Moving materials. For each musical instrument you intend to pack for your move, you should always first place them inside their original case. If you do not have the exact case, the next best packing technique is to use a sturdy box that is a little bigger than the instrument itself. When packing musical instruments – whether in precise cases or in moving boxes – it’s important that nothing moves inside. Items that are loose inside the box or case can scratch the musical instrument or cause it damage in some other way.

After-Move Care

Once your musical instruments have been relocated, you probably think the moving process is over and done. But before you unpack your items, there are some after-move care rules to follow.

  • Let stringed and woodwind instruments acclimate to the new climate for at least 24 hours before use. Instruments should be room temperature.
  • If you loosened strings prior to packing/moving, or if your instrument was not used for long before packing/moving, you will have to tune it again before playing.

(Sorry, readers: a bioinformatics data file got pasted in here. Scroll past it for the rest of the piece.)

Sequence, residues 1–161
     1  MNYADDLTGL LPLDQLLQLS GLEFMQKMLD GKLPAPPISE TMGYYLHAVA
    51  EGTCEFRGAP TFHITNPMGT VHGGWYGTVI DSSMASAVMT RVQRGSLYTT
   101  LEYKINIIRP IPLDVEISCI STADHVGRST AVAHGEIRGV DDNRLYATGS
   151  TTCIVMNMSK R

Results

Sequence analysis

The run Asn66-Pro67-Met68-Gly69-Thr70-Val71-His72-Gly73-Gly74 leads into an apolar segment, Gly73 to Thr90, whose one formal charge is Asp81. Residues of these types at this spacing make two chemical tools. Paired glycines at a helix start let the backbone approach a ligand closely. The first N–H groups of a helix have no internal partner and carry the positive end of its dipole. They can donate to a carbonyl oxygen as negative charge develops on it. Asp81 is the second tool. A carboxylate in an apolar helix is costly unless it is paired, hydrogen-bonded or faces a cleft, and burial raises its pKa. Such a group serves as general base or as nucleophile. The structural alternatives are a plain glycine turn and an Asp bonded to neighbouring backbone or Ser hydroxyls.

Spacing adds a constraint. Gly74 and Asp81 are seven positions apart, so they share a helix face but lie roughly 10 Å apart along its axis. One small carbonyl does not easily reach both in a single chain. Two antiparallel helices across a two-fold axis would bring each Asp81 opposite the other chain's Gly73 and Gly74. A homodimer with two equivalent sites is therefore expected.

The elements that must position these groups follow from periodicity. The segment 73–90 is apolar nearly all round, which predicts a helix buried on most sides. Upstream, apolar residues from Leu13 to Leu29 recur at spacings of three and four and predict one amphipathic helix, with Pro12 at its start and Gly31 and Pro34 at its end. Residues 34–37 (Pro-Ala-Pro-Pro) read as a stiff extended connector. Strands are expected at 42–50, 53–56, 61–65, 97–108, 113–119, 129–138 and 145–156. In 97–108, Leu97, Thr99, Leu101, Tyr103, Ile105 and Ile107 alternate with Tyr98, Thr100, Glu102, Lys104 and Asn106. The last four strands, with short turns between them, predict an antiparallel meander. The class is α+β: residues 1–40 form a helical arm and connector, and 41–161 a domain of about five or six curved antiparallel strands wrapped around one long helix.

For more tips and tricks on moving fragile items, click here.

Moving Costs: How Much Money Should You Save?

So, it’s time to move. Whether it’s for a job, because you don’t like your current landlord or neighbors, or just because you want a change, the prospect of moving can be quite appealing. But before you start picking out furniture for a new place you haven’t even found yet, it’s important to truly consider the many aspects that are involved in a move. One very important thing to consider before jumping into a commitment is whether you are emotionally ready to part with your old life and financially comfortable to afford a relocation. When moving house, costs add up quickly. You need to be able to cover these costs without difficulty in order to have a smooth, stress-free moving experience. But, how much money do you need to be prepared to move? It all depends on a number of things, such as: